Wyndham Rewards is now the latest hotel loyalty program to jump on the "experiences" and "membership levels" bandwagon. But will these new additions, especially the member levels, threaten to disrupt the program's more egalitarian approach to hotel loyalty? Probably not, as long as Wyndham sticks to keeping this program as simple and easy to understand as it has been since it launched last year.
When Wyndham Rewards debuted in May 2015, it signaled a major shift in hotel loyalty program structures by adopting a straightforward, simple approach to earning and redeeming points: 15,000 points to stay at any one of the group’s 7,800 hotels around the world, with no blackout dates, at brands that include Wyndham, Ramada, Tryp by Wyndham, Days Inn, and Super 8.
That strategy appears to be working. Since May, 5 million new members have signed up for the program and there has been a 70-percent increase in property redemptions, according to Wyndham. Last year, just under 75 percent of all redemptions were for hotel stays. By comparison, in 2013, the same year when there was massive consumer backlash to program restructuring, only 55 percent of redemptions were for hotel stays. Today, Wyndham Rewards has more than 45 million members.
With the addition of the four membership levels (Blue, Gold, Platinum, and Diamond) and special, curated local experiences, however, it seems Wyndham Rewards is borrowing some ideas from other hotel loyalty programs such as Starwood Preferred Guest, Hilton HHonors, and Marriott Rewards, which also very recently added branded experiences and more elite-level perks.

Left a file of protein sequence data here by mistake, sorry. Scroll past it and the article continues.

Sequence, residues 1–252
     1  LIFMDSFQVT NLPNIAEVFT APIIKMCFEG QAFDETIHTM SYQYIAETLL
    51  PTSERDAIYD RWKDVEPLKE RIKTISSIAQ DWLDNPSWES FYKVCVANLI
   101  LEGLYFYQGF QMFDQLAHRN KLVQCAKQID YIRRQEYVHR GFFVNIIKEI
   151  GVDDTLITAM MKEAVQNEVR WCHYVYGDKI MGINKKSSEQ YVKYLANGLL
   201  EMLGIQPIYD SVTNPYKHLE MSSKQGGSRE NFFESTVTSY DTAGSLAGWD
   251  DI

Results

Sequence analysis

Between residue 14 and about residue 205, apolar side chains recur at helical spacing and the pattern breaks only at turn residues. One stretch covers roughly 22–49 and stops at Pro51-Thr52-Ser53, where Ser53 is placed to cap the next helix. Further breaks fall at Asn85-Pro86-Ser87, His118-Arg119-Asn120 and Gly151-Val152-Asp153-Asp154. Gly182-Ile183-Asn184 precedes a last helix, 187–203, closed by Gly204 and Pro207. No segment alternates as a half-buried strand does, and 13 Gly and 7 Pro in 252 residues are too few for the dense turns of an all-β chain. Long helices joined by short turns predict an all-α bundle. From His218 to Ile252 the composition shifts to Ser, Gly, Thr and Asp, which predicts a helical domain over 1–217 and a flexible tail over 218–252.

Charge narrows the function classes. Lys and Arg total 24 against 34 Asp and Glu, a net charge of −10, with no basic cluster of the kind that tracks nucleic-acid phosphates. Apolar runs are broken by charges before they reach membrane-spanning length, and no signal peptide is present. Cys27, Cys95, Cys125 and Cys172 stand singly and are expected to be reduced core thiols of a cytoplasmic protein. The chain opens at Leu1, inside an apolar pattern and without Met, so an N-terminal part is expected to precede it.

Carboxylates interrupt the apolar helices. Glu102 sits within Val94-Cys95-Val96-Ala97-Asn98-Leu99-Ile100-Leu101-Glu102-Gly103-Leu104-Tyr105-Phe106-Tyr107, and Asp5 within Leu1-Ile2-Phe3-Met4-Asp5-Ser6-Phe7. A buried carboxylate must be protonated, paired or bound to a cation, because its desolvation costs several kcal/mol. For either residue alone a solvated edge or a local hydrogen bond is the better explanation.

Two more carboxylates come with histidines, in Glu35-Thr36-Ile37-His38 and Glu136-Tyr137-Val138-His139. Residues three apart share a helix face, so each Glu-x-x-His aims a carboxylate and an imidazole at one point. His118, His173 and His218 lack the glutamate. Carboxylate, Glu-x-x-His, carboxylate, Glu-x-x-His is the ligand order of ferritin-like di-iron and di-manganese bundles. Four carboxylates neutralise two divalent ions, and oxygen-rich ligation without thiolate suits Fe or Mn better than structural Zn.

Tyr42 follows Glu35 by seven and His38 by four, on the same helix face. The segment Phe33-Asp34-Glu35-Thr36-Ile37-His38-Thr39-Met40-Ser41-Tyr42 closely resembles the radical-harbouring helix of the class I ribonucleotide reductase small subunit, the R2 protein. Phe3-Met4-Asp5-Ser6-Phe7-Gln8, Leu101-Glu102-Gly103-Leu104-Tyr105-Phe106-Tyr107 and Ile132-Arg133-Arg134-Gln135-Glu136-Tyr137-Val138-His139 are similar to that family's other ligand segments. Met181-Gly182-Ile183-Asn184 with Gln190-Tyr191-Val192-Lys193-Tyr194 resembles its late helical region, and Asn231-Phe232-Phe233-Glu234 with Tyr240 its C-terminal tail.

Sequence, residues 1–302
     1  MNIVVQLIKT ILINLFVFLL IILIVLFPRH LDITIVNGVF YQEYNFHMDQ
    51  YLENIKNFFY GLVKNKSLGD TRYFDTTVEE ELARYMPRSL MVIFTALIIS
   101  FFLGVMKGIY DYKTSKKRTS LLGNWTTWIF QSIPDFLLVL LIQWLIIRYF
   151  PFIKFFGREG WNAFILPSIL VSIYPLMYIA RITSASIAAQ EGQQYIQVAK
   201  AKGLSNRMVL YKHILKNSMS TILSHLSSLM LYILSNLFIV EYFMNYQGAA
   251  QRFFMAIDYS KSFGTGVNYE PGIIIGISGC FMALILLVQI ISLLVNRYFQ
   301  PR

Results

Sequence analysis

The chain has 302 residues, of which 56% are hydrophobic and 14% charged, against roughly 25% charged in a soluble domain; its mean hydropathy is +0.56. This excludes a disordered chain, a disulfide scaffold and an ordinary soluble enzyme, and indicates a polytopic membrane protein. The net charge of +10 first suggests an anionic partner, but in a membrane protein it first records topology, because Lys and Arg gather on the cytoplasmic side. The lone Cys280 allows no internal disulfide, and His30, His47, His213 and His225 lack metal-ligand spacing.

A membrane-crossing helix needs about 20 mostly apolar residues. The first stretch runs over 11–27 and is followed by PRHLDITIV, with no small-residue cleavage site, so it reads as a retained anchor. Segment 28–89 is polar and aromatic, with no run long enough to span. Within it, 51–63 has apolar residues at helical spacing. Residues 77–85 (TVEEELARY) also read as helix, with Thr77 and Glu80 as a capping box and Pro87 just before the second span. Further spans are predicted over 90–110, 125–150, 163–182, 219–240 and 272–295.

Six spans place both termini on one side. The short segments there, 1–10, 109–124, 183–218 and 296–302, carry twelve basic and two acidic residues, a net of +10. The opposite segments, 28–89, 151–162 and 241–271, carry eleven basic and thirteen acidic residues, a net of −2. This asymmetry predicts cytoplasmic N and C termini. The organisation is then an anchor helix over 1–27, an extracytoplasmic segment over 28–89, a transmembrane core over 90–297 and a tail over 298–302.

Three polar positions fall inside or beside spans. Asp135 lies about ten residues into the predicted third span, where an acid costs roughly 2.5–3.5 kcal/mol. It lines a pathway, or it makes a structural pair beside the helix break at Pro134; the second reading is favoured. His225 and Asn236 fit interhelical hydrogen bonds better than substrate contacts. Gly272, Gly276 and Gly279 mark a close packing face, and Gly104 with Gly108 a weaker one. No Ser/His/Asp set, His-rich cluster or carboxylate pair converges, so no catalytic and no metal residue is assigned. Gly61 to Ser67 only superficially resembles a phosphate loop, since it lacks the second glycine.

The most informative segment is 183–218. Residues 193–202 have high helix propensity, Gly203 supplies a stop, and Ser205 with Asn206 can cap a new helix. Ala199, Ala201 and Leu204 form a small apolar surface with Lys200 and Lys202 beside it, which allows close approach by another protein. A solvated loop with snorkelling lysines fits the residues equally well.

So why did Wyndham decide to add these elite experiences and levels? And how is this different from all the other hotel loyalty programs out there?
“We had originally planned on rolling out our new rewards program out along with a member level program,” Josh Lesnick, Wyndham Hotel Group CMO said. “We made a strategic decision that we wanted to get that right so we waited.”
The extra time, Lesnick said, gave Wyndham the opportunity to add what he referred to as “experience-enhanced redemption.” Now, guests at every level not only have access to basic perks like free Wi-Fi, but they can also get discounted or free access to local experiences in 25 top markets, eventually expanding to 50.
The experiences include a street food tour in Mexico City, a desert safari in Dubai, a pizza walking tour of New York City, a cooking class in Shanghai, and an indoor skydiving experience in Orlando, for example. Each experience is operated by a local tour operator. Depending on what member level a guest is in, he or she receives a discount on those local tours or a complimentary tour experience worth up to $150 per award night, without having to spend any points.
Lesnick said, unlike other programs, the member levels for Wyndham Rewards were purposefully designed to be “very attainable,” making it more of an “elite” program for the masses.
Blue level membership, which all members have as soon as they enroll, includes free Wi-Fi and rollover nights that never expire, and a $5 credit per award night toward a local experience in one of the select 25 destinations. Gold level membership (earned after 5 nights) includes dedicated member services, preferred rooms, late check-out, early check-in, and $10 toward a local experience when you redeem a free night in one of those top destinations. Platinum (15 nights) and Diamond (40 nights) levels include annual points bonuses and car rental upgrades with Avis and Budget.
“You don’t have to be a super heavy stayer to take advantage of all of these benefits,” Lesnick said. “We’ve got really valuable benefits at every level. We’ve tried to not make it too difficult to earn, and give every level some extra value.”
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Photo credit: When Wyndham Rewards members redeem their points to stay at the Wyndham Grand Orlando Resort Bonnet Creek in Orlando, Florida, they can receive a free or discounted local tour experience. Wyndham Hotel Group